Legacy eyeing Cotter sites
The Denver cleanup firm wants to take over a mill and a mine.
Denver-based Colorado Legacy Land is negotiating to take over Cotter Corp.’s Cañon City Superfund site, complete the cleanup of the defunct uranium mill and manage the property in the future.
The company also is negotiating for Cotter’s Schwartzwalder Mine in Jefferson County, which has been blamed for unhealthy levels of uranium in Ralston Creek west of Denver.
Cotter, a subsidiary of San Diego-based defense contractor General Atomics, this week wrote the Colorado Department of Public Health and Environment saying it wants to transfer its radioactive material licenses at Cotter and Schwartzwalder to Colorado Legacy Land.
Thursday evening, the three managing directors of Colorado Legacy Land attended the monthly Community Advisory Group in Cañon City.
The 15-member group, known as CAG, was convened by Gov. John Hickenlooper’s office in 2013 to help guide cleanup at the mill, which in 1984 was declared a Superfund environmental disaster.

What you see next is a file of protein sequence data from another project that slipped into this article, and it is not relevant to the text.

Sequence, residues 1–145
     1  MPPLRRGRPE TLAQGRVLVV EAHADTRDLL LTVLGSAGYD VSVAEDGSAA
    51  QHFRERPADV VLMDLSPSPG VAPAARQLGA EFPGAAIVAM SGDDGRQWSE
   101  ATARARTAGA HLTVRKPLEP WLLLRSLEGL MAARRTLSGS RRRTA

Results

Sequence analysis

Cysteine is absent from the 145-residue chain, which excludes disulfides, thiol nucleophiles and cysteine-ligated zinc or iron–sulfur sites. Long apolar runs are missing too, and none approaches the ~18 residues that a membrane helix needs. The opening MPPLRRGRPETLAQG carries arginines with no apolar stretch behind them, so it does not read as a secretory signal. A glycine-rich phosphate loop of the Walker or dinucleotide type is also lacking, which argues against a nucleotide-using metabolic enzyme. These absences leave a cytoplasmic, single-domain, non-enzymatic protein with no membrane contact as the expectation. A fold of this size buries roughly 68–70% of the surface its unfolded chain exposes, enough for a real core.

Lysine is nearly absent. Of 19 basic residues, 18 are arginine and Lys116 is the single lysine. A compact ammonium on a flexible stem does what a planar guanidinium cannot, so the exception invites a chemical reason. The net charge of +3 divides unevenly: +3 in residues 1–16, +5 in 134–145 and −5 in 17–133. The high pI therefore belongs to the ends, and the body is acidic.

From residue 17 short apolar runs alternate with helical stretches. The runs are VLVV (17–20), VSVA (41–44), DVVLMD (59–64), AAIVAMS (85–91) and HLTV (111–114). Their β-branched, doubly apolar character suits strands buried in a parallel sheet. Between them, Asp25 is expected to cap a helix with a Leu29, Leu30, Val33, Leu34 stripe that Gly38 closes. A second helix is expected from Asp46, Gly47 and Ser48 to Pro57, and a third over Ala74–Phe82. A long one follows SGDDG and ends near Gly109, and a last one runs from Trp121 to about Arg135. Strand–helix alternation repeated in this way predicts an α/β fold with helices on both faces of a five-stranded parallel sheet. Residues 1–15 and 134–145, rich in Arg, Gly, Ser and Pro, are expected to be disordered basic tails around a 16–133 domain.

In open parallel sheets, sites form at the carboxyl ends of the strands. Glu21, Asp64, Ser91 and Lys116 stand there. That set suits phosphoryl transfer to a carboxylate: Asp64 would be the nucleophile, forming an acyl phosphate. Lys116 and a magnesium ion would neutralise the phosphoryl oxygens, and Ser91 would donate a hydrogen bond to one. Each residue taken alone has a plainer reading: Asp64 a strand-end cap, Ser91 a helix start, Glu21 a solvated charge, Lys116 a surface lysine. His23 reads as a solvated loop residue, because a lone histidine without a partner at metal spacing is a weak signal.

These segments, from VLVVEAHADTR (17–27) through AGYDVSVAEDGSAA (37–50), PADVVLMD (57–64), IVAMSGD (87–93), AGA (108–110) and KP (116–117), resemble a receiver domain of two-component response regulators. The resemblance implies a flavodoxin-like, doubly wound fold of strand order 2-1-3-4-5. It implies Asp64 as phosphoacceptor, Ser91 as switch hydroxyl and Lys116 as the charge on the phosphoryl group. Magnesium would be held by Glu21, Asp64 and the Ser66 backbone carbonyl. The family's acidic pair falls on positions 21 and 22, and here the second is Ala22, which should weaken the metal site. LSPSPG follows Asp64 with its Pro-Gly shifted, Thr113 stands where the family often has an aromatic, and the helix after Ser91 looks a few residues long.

Colorado Legacy Land is made up of two companies, Legacy Land Stewardship and Alexco, which specializes in cleaning up contaminated sites.
Colorado Legacy Land was formed specifically to acquire the Cotter land, Legacy Land Stewardship president Eric Williams said.
“This is what we do,” he said. “We do really good, complicated cleanups.”
Alexco has worked on a number of Superfund sites, including the Gold King Mine site near Silverton that released toxic water turning the Animas River mustard yellow in August 2015.
Some CAG members raised concerns about why a company would want to take over the contaminated land and where liability will go, to which the Colorado Legacy Land directors said that clean up is the purpose of their business.
“We’re not looking to use legal protections to avoid clean up,” said Paul Newman of Colorado Legacy Land. “We’re looking to do the clean up.”
A lot of companies don’t want the responsibility of a contaminated site, Williams added.
Colorado Legacy Land hopes to have Cotter’s radioactive materials licenses by the fall.
“In many respects, we’re stepping into (Cotter’s) shoes,” Newman said. “We want as seamless a transition as possible.”